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Covid reinfections are possible. Should we worry?

The patient walked into the Washoe County community testing station in the US state of Nevada on April 18 with a sore throat, dry cough and a headache, but no reason to worry.

He was only 25, had no prior medical conditions, and although the PCR nasal-swab test for Covid-19 he took came back positive, he was soon feeling well again.

Thirty five days later, he was rushed to the emergency room, short of breath and with a raging fever, and placed on oxygen support.

He had become the first confirmed US case of Covid-19 reinfection. 

Up to now, there have been only a handful of similar cases worldwide, and experts say it is too early to draw sweeping conclusions from such a small head count.

But the prospect of getting reinfected with Covid-19 — and getting even sicker the second time around — could have a significant impact on how governments chart the path out of the pandemic.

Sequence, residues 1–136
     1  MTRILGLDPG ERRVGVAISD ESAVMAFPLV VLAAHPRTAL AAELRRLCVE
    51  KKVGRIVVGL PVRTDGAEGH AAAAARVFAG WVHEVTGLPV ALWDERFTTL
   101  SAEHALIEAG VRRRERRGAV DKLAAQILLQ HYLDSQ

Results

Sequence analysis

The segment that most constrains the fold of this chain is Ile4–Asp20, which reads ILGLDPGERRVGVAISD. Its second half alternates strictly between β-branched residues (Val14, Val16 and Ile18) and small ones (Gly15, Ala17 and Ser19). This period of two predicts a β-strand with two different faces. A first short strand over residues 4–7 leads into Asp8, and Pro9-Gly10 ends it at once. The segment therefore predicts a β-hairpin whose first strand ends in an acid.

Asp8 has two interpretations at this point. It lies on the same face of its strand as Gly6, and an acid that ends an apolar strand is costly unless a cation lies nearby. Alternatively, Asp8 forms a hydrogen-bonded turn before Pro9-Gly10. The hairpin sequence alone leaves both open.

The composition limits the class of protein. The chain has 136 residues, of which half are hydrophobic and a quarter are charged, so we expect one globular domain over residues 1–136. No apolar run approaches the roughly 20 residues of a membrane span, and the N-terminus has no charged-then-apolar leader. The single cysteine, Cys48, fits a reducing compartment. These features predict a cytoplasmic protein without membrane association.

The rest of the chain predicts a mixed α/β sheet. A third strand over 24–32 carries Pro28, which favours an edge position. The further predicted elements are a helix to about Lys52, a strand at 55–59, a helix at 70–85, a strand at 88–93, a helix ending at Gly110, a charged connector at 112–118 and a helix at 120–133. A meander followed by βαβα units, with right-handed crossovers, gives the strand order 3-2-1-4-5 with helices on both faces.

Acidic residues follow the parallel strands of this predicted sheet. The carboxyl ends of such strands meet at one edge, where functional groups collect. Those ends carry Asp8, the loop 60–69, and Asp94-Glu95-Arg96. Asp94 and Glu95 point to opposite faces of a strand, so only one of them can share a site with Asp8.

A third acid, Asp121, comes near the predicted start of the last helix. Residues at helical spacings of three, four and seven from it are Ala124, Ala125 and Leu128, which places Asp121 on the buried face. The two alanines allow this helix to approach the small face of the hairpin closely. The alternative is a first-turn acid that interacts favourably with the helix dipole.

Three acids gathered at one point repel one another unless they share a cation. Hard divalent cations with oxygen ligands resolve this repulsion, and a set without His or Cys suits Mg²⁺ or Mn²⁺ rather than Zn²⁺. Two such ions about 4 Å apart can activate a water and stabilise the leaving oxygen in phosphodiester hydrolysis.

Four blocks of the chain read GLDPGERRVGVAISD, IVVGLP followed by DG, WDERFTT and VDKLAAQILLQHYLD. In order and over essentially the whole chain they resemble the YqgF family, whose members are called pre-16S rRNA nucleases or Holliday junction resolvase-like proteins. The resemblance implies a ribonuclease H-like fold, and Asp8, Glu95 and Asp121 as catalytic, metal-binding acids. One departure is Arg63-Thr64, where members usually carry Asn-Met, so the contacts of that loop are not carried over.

In particular, reinfections may render the idea of herd immunity — that is, a sufficiently high percentage of people eventually becoming immune to Covid-19 — unrealistic.

“Reinfection cases mean that in some people, the immune response is not enough to protect them from infection or disease,” Akiko Iwasaka, a professor of Immunobiology and Molecular, Cellular and Developmental Biology at Yale University, told AFP.

“Reinfections from SARS-CoV-2 (the virus that causes Covid-19) mean that immunity acquired through natural infection is not perfect.”